State Police Troop D spokesperson Jack Keller says it’s a fun event for a good cause.

New York State Division of Criminal Justice Services / New York State Division of Criminal Justice Services

  Syracuse and Onondaga County will share nearly $1.2 million in grant money on what experts say are programs proven to reduce gun violence and homicides. It’s the fourth highest award in the state among the 17 counties reporting 87 percent of the violent crime outside of New York City.  Mike Green heads the state Division of Criminal Justice Services, which administers the grants.  He says jurisdictions have wide leeway in how they use the funding, with the caveat that any spending on additional officers or overtime goes to support specific, evidence-based strategies.

Unlike 2011, Onondaga County voters will actually have someone other than Joanie Mahoney to choose from for county executive on the ballot this November.  The county democratic committee Thursday evening designated two-time sheriff candidate Toby Shelley to challenge two-term incumbent Republican Mahoney.

Scott Willis / WAER News

Of all the conflicts facing soldiers overseas, the Secretary of the Army says the budget is perhaps their biggest threat.  John McHugh stopped by Syracuse University Thursday to learn more about its innovative veteran and military-connected programs.  He says how the military responds to emerging issues such as ISIS’s growing control of Iraq, Russia’s activity in Eastern Europe, and others is dictated and affected by funding.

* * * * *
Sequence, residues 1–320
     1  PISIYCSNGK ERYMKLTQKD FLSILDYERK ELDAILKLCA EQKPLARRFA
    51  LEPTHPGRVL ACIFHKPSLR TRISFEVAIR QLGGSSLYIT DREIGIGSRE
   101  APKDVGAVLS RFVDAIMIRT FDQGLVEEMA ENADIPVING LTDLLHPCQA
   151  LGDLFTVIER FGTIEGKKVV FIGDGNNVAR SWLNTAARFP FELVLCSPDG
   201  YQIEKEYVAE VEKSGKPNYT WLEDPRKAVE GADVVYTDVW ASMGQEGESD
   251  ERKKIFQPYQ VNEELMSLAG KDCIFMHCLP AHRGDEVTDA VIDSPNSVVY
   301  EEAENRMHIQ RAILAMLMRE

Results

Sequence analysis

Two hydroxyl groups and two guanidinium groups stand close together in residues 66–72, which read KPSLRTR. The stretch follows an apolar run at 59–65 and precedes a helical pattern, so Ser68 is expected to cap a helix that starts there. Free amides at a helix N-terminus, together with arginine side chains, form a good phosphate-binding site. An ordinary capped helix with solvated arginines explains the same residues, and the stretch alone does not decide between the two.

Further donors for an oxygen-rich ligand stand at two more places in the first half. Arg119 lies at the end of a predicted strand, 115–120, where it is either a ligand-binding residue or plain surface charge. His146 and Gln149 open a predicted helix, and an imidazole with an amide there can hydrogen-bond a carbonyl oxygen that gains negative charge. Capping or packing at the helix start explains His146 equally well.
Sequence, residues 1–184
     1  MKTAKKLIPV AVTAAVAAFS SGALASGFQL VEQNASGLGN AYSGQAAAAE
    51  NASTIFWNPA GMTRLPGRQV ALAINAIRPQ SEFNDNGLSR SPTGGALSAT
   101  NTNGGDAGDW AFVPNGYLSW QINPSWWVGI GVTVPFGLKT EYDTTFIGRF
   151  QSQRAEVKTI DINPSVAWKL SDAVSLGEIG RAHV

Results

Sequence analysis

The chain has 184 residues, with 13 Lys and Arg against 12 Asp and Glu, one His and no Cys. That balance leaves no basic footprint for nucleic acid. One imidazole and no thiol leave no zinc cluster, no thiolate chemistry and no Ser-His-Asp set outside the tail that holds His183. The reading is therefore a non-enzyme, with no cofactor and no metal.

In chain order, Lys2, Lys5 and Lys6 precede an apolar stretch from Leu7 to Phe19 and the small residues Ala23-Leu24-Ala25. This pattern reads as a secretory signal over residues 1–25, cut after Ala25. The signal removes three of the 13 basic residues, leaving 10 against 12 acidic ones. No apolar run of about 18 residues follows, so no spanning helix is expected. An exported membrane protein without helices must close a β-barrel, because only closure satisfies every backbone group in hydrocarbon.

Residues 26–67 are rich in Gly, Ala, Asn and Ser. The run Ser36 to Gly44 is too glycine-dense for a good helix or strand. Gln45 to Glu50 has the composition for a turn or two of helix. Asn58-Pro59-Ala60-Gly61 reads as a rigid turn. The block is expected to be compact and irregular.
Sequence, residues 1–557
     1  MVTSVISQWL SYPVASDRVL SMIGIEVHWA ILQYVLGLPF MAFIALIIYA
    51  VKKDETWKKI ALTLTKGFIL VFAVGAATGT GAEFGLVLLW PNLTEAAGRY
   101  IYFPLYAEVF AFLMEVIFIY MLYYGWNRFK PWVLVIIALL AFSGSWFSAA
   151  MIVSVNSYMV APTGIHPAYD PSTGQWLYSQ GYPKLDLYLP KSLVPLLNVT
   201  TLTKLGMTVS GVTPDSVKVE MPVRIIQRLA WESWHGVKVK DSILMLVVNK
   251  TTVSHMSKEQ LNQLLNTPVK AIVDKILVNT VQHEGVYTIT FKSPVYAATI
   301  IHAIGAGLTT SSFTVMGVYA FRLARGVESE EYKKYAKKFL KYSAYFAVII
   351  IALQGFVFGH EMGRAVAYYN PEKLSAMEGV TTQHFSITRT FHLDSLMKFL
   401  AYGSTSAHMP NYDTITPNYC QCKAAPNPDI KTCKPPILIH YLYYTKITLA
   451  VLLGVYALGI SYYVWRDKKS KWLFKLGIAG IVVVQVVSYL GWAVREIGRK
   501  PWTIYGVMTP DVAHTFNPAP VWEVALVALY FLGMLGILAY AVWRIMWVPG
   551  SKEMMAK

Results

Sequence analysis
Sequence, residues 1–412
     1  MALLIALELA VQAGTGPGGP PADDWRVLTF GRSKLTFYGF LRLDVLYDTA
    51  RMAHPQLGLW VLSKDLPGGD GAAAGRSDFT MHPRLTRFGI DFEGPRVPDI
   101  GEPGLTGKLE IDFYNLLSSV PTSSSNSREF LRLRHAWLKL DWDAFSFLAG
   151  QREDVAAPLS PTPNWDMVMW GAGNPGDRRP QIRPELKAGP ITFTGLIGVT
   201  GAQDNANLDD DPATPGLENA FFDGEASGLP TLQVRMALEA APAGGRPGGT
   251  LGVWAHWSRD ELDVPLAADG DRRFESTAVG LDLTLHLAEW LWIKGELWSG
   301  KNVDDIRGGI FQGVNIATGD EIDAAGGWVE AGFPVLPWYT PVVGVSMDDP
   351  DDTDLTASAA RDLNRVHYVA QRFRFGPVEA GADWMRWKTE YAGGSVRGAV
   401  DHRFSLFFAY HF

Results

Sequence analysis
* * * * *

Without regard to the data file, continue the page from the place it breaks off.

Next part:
McHugh says the army can barely meet its current missions with 450,000 troops.

Rob Romano/WAER News

  The Green Party is prepared to run three candidates in this November’s elections for various local offices. Local Businessman Frank Cetera  will try to win the 2nd district seat on the Common Council.

Scott Willis / WAER News

A new name and face entered Onondaga County Politics Tuesday.

  The NYS Department of Environmental Conservation has weighed in on the fracking question and is raising concerns about the adverse environmental impact of High Volume Hydraulic Fracturing in New York State. While the DEC statement doesn’t explicitly state that fracking cannot be done safely, they do agree with the Health Department’s recommendation issued in December against fracking due to the uncertain risks to public health and the environment.

The impact statement released Wednesday has been in the works for over 5 years. The DEC was tasked to determine whether or not fracking could be done safely in New York State. The study incorporated community input and various academic research across the country and state, including scientific studies from Pennsylvania, where fracking is permitted and shares apart of the Marcellus shale region with New York State.

Many New York State Anti-Fracking Organizations are celebrating in support of the DEC’s findings. Water and Natural Resource Associate Liz Moran states, 

USGS / John Smith, WAER News

The weather might finally be warming up in Central New York, but a new exhibit illustrates the damaging effect climate change is having on the world’s coldest features.  “Losing a Legacy” is the name of a photography project on display at the Museum of Science and Technology revealing the dramatic decline of glaciers over the past century, especially at Glacier National Park. Exhibits project manager at the MOST Peter Plumley says the photos from the U.S. Geological Survey portend a grim future.